By on November 4, 2009


Edmunds, the site that’s so not going to be sleeping in Lincoln’s bedroom, has revealed their estimates for October sales incentives. Not surprisingly, the automaker that’s been hogging Honest Abe’s pallet and has been missing saying, “we’re number one [globally],” can claim this number one spot. GM spent $4,277 of somebody else’s dollars per unit to move the metal and help buy that 4% sales increase. Hey, don’t complain—they can afford it unlike those wimpy little guys at Honda, who could only cough up $508 per unit. What’s wrong with them anyway? Oh, they’re actually profitable. OK. Moving right along, let’s check in with the rest of the gang:That other automaker trying to hang onto its little corner of Lincoln’s mattress came in a strong number two: Chrysler spent $3219 on average. Ford was the domestic laggard, at $2909. Nissan is the import brand leader with $2505. Hyundai spent $1751, less than the industry average of $2468. Toyota was saved the embarrassment of last place by coughing up $1338 per unit.

But that’s only the majors; among all manufacturers, Mini appears to be the biggest loser with only $58 spent per. But Mini sales were down so that didn’t pan out so well. But Subaru was 41% up, which makes their paltry $262 average incentive the true loser in this game. (Thanks to KixStart for the kick start.)

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10 Comments on “GM wins the incentive race in October...”

  • avatar

    General Motor’s sale strategy is all about inflating the MSRP then discounting the hell out of it. They even give you $500 if you do the “May the best car win” and forgo returning their iron. What the hell is that?

    In TEN vehicle categories, Consumer Reports (just one of many independent car and trucker reviewers) ranks no General Motors car higher than ninth. That means, when you walk into a GM dealership, there are at least eight higher-rated vehicles available to you elsewhere.

    The perception gap is General Motors management thinking any of their products are even half-way competitive when all credable evidence points otherwise.

  • avatar

    As a taxpayer and therefore reluctant part-owner of GM, I have to ask the following: since the cartoon guy represents GM, shouldn’t that be the middle finger that is sticking up?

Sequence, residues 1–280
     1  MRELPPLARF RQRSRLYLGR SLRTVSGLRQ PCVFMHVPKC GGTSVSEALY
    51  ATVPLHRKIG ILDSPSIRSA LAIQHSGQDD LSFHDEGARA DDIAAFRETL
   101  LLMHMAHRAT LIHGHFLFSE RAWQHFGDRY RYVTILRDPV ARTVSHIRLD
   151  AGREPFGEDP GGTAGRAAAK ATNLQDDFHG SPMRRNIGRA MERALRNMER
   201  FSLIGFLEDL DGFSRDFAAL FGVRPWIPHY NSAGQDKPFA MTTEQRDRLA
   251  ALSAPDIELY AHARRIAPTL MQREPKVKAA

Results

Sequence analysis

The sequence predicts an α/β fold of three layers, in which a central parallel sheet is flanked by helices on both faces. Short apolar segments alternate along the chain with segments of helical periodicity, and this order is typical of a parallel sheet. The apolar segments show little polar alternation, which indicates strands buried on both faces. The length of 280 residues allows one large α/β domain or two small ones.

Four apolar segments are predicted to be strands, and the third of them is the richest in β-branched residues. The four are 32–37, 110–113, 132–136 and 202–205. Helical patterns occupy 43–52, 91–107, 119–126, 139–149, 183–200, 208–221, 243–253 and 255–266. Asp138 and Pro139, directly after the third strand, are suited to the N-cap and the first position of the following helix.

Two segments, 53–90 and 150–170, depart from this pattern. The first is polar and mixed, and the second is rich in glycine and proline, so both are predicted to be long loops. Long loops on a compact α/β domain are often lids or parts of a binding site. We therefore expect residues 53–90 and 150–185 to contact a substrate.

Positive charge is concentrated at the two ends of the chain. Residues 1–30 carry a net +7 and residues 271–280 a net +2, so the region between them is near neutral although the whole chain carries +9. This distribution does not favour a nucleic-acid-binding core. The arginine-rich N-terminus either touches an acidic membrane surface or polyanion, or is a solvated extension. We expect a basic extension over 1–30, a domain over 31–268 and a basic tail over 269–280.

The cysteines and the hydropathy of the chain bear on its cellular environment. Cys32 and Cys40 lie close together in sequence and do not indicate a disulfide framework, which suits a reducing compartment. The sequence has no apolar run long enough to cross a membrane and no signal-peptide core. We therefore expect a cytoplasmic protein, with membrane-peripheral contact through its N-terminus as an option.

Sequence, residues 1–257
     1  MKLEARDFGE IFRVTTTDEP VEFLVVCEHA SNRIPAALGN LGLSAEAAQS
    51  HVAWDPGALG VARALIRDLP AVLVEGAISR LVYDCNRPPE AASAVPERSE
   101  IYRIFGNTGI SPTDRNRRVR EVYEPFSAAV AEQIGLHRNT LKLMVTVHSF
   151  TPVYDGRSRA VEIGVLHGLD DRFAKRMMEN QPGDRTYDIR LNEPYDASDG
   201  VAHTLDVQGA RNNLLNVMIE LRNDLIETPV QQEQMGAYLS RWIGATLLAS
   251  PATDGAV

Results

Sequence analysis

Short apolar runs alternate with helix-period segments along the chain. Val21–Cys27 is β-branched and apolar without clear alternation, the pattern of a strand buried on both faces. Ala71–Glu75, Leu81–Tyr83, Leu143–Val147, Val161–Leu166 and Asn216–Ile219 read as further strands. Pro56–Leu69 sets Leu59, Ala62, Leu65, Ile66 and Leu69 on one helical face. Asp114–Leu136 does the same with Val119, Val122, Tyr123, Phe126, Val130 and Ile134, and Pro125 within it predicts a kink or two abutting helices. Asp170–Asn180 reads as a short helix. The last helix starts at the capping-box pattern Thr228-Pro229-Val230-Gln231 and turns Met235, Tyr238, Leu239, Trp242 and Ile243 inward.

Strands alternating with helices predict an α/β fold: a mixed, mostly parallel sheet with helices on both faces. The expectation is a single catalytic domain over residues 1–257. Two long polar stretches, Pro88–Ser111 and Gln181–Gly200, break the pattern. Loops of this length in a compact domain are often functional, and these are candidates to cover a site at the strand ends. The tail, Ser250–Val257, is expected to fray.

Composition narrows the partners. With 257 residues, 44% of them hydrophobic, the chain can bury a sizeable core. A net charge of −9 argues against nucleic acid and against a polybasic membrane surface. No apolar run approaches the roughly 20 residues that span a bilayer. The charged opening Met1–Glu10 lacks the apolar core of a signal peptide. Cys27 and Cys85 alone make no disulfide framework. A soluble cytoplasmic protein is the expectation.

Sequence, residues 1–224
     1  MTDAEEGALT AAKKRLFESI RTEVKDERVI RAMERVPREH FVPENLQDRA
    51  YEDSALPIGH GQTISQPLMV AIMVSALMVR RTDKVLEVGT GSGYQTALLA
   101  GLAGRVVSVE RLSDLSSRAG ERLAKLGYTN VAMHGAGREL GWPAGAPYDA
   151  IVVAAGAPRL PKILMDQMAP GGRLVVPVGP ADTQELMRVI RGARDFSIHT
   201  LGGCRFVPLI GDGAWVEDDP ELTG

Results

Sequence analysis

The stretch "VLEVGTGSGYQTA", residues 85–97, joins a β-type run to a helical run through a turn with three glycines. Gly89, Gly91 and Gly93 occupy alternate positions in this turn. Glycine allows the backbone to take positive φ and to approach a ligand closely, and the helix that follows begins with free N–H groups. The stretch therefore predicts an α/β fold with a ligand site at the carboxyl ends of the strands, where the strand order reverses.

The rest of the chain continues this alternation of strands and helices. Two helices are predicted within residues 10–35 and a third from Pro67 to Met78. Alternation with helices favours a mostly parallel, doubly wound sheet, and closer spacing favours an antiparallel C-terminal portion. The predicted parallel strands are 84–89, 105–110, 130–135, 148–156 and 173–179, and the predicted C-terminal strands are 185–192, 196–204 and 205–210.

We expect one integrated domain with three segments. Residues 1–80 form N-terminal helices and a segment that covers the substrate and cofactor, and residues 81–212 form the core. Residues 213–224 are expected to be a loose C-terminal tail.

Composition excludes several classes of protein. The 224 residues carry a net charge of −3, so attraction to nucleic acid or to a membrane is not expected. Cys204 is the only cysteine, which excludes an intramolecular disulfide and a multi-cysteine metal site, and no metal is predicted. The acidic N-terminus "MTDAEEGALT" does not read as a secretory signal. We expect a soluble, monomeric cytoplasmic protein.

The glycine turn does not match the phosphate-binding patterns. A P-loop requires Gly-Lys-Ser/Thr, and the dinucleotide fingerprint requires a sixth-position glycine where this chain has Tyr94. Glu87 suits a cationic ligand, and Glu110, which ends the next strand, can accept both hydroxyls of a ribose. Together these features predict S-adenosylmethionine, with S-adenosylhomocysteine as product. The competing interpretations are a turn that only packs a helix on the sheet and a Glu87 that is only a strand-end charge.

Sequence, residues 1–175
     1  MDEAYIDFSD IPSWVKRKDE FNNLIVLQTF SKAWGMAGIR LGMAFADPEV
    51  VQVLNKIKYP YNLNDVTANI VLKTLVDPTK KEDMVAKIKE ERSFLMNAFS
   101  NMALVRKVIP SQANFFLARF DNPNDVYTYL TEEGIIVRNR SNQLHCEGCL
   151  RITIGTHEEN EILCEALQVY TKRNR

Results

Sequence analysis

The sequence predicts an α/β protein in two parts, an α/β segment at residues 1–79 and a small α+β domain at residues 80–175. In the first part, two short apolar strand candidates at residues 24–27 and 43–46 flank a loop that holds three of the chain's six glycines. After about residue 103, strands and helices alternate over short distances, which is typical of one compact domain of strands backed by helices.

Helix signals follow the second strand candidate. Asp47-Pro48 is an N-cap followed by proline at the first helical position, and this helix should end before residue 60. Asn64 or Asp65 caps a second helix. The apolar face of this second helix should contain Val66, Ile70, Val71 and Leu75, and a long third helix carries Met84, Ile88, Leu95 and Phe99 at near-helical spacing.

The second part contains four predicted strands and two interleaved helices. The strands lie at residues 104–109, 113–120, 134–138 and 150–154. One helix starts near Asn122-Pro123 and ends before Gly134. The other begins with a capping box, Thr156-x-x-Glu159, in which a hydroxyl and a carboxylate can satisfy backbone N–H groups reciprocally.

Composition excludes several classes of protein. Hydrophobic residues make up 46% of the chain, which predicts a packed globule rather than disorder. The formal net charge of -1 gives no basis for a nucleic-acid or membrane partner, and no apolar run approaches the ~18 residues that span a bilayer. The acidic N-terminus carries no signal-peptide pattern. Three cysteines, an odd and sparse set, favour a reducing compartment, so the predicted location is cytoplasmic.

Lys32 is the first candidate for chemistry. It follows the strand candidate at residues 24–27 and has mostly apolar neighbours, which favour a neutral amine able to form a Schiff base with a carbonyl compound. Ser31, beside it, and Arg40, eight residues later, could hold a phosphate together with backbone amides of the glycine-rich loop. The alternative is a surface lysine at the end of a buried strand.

• avatar

    “General Motor’s sale strategy is all about inflating the MSRP then discounting the hell out of it.”

    Couldn’t be more wrong…
    GM’s MSRP is now closer to actual transaction price than ever before.

  • avatar
    Gary Numan

    GM spent $4,277 of somebody’s dollars per unit to move the metal and help buy that 4% sales increase.

    “somebody’s dollars” are my citizen tax paying dollars of which I had no choice to pay when my wallet was busted open by the current administration.

    However, moving forward, I do get the choice of NOT buying a GM vehicle and NOT voting for select current administration indviduals responsible for busting my wallet open.

  • avatar

    Oh, God, when is this cash sucking purveyor of auto-junk finally going to be let die?

  • avatar

    How much was the C4C rebate? Oh yeah, about 4 grand. What a coincidence.

    C4C Part Deux.

  • avatar

    TexN-chuckle, that’s certainly what it feels like.

    Gary Numan-Yup, were payin’ others to buy second rate cars. And GM’s 4% isn’t all it appears to be, it is over last October when they were off 45%! Even CryCo (now Fiatsco) beat them by 10% that month.

    I would be nearly impossible for them not to beat that month.


  • avatar

    I wonder when they are going to ask us to pony up and pay for the warranty repair for those inferior cars? Oh that’s right, they already have it because someone said they would cover the warranty claims.

  • avatar
    Stein X Leikanger

    How many billion dollars is GM’s lousy management willing to spend in order to pretend they’re not doing a lousy job managing GM?

  • avatar

    With all the hysteria over government support of car makers, let’s not forget that trucks and SUV’s with a GVW in excess of 6000 lbs have been receiving taxpayer money for years in the form of a $24,000 Section 179 deduction. This government rebate helped GM, Chrysler and Ford get into the predicament to begin with. Before that, it was that the same standards which everyone else met for passenger cars were not met by the invented category “light trucks”.

    Nothing new here…

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